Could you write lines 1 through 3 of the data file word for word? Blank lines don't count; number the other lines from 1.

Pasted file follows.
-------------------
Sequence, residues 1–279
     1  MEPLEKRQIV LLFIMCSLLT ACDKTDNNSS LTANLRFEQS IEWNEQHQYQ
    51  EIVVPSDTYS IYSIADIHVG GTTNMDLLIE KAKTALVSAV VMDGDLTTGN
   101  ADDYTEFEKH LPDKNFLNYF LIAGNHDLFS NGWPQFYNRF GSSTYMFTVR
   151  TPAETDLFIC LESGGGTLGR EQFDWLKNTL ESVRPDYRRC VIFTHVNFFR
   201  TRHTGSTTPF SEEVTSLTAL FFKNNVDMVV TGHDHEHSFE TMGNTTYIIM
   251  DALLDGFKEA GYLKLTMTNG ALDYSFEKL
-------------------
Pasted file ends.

Sequence, residues 1–279
     1  MEPLEKRQIV LLFIMCSLLT ACDKTDNNSS LTANLRFEQS IEWNEQHQYQ
    51  EIVVPSDTYS IYSIADIHVG GTTNMDLLIE KAKTALVSAV VMDGDLTTGN